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Combined Blockade of ATR and PARP Effective Against Glioblastoma in Mice

Key findings

  • In patient-derived glioblastoma stem-like cells, overexpression of MYC/MYCN induced sensitivity to poly(ADP-ribose) polymerase inhibitors (PARPi) through suppression of CDK18, a poorly understood cyclin-dependent kinase
  • CDK18 promoted activation of ATR and homologous recombination in the cells, ultimately making them refractory to PARPi
  • In vitro and in vivo, treatment with an ATR inhibitor enhanced PARPi sensitivity in Myc-amplified glioblastoma stem-like cells and overcame PARPi resistance in non–Myc-amplified cells

The U.S. Food and Drug Administration has approved four poly(ADP-ribose) polymerase inhibitors (PARPi) for cancer treatment, but responses are not universal, even in cancers carrying BRCA1/mutations. On the other hand, patients whose cancer lacks deficiencies in homologous recombination sometimes benefit from regimens that combine a PARPi and a DNA-damaging agent.

Glioblastoma tumors, for example, lack driver mutations/deletions in BRCA1/2. They are homologous recombination-proficient and sometimes respond to a combination of a PARPi with temozolomide, radiation or an oncolytic virus. However, the mechanisms that govern response and nonresponse to PARPi aren't well understood, either in glioblastoma or other cancers.

Samuel D. Rabkin, PhD, virologist in the Brain Tumor Research Center, Department of Neurosurgery, Hiroaki Wakimoto, MD, PhD, associate professor of Neurosurgery at Massachusetts General Hospital, and colleagues have made a breakthrough finding of PARPi responsiveness in glioblastoma. In a paper in Nature Communications that has important implications for drug development, they report that the cyclin-dependent kinase 18 (CDK18)–ATR signaling axis regulates homologous recombination and sensitivity to PARPi.

In Vitro Findings

The researchers first screened patient-derived glioblastoma stem-like cells, which contribute to disease progression and recurrence and thus are important therapeutic targets. They determined that PARPi sensitivity was associated with amplification of MYC and MYCN, key oncogenes that contribute to cancer cell proliferation, metabolism and other tumorigenic processes.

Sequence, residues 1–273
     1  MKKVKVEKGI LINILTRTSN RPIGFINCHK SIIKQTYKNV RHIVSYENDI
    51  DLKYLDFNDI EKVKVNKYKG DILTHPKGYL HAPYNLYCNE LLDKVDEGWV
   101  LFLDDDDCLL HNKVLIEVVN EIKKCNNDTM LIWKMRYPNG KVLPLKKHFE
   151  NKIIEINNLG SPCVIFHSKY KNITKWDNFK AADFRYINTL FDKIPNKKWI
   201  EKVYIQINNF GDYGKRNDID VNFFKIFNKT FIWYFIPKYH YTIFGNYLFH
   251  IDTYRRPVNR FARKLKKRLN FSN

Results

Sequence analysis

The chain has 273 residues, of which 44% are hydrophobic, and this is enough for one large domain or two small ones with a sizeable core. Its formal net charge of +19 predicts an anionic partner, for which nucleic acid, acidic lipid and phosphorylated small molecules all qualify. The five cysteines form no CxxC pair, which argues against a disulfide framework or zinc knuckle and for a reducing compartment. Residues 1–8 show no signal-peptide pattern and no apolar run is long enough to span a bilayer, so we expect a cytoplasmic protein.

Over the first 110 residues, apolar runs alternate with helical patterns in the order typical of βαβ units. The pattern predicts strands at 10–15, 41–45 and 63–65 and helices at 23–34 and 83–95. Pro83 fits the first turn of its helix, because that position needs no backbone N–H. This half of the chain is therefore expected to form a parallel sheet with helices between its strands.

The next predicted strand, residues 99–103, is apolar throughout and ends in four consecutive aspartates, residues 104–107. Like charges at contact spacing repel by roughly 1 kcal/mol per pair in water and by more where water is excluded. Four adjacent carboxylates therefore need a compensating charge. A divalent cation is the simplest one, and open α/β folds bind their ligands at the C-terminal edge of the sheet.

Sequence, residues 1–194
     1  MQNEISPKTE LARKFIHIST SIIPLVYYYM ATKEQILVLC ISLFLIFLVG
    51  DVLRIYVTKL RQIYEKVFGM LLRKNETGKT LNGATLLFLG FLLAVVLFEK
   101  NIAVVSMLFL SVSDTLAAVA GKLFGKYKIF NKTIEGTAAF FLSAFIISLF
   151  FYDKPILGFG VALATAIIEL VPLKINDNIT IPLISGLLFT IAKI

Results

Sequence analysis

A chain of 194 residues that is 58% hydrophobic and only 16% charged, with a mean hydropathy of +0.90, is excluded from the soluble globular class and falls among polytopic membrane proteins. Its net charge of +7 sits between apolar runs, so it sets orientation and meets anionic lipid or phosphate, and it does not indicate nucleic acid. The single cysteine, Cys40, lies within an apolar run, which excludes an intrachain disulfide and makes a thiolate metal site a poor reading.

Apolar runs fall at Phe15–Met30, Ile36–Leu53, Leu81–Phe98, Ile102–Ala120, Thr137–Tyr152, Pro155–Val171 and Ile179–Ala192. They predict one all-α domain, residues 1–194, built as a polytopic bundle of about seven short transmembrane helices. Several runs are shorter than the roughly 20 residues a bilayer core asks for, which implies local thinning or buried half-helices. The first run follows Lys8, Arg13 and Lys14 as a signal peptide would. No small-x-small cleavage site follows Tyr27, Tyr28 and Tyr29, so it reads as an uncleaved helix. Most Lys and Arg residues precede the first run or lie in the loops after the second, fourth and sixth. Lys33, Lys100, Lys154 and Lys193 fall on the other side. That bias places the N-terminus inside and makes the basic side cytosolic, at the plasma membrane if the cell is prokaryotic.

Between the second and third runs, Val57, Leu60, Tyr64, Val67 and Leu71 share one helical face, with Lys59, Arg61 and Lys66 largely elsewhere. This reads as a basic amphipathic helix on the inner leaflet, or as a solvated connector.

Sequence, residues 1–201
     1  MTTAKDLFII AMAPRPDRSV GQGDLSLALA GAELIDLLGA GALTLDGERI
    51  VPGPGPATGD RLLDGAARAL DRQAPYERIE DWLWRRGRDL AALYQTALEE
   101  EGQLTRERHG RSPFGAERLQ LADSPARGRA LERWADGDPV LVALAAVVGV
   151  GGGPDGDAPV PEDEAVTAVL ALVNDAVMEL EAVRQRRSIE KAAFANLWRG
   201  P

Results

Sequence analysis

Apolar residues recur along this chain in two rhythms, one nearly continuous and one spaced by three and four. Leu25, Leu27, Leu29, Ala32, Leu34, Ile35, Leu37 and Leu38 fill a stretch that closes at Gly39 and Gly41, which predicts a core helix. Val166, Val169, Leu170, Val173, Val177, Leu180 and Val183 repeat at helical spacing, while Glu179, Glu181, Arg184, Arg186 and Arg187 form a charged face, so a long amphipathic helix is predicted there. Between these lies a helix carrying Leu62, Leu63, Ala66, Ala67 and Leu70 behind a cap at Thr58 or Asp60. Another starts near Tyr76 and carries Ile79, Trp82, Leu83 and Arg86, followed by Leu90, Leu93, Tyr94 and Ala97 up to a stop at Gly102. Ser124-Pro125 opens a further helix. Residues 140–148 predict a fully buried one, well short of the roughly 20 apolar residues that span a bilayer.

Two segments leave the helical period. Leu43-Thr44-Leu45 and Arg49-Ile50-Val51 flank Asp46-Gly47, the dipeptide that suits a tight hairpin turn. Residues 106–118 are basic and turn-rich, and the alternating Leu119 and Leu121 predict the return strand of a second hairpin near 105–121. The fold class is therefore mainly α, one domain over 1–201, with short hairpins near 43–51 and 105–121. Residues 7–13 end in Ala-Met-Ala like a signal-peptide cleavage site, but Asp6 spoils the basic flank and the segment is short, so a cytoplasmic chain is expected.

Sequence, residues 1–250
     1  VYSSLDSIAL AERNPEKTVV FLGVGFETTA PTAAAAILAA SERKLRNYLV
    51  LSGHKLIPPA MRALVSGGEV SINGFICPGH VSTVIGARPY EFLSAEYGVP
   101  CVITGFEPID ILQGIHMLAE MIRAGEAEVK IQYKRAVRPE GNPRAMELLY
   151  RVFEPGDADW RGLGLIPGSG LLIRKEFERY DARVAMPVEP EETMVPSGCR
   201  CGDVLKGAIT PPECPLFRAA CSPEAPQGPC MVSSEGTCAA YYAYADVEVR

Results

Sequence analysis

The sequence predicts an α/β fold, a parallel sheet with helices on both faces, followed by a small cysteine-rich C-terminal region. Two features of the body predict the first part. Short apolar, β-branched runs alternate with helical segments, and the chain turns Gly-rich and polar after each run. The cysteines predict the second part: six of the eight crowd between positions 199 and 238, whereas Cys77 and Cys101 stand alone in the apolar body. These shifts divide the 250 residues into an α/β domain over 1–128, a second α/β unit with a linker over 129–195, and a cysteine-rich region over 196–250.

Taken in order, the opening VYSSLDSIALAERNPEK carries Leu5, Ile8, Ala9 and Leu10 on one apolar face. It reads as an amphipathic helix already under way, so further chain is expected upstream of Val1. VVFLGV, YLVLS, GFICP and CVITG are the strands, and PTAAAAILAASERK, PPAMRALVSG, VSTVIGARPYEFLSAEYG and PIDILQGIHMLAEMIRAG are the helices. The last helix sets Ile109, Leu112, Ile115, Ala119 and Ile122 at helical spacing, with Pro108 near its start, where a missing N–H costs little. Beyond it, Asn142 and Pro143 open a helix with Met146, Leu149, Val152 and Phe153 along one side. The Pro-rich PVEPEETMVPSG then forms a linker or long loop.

Other key findings were that:

  • MYC and MYCN transcription factors (together hereafter Myc) repressed expression of CDK18, thereby facilitating PARPi sensitivity. CDK18 has not been well characterized, but CDKs are known to play vital roles in cell cycle regulation and DNA damage responses
  • Conversely, CDK18 promoted activation of ATR and homologous recombination in glioblastoma stem-like cells, ultimately making the cells refractory to PARPi. Thus, CDK18 appears to be a useful therapeutic target
  • ATR inhibitors sensitized both Myc-amplified and non-Myc-amplified glioblastoma stem-like cells to PARPi

In Vivo Findings

The researchers implanted glioblastoma stem-like cells into mouse brains, then systemically administered VE822 or AZ20, which are ATR inhibitors. Both drugs crossed the blood–brain/tumor barrier and inhibited phosphorylation of Chk1 in the tumor, indicating successful ATR inhibition.

Next, the researchers evaluated the effects of a PARPi and an ATR inhibitor. They found:

  • In Myc-amplified xenografts, olaparib or VE822 alone modestly but significantly extended survival compared with vehicle, and olaparib + VE822 further prolonged survival over vehicle by >60%
  • In non–Myc-amplified xenografts, olaparib alone had no effect, but VE822 modestly prolonged survival, and olaparib + VE822 further extended survival

In general, the treatments were well tolerated, causing no significant changes in body weight.

Foundations for Future Research

  • Myc expression/CDK18 repression is an additional pathway for "BRCAness" that offers an avenue for PARPi therapy, and CDK18 is a potentially important target for drug development
  • Combined blockade of ATR and PARP may be effective in other BRCA1/2 wild-type or homologous recombination–proficient cancers
  • Myc and CDK18 may prove to be predictive biomarkers of PARPi responsiveness
  • Clinical studies should examine whether Myc-amplified glioblastoma and possibly other Myc-amplified brain tumors (e.g., medulloblastoma) are sensitive to PARPi alone
  • The combination of an ATR inhibitor and PARPi should be evaluated in glioblastoma patients in the absence of radiation and/or temozolomide, such as in recurrent glioblastoma for which there are no current therapies

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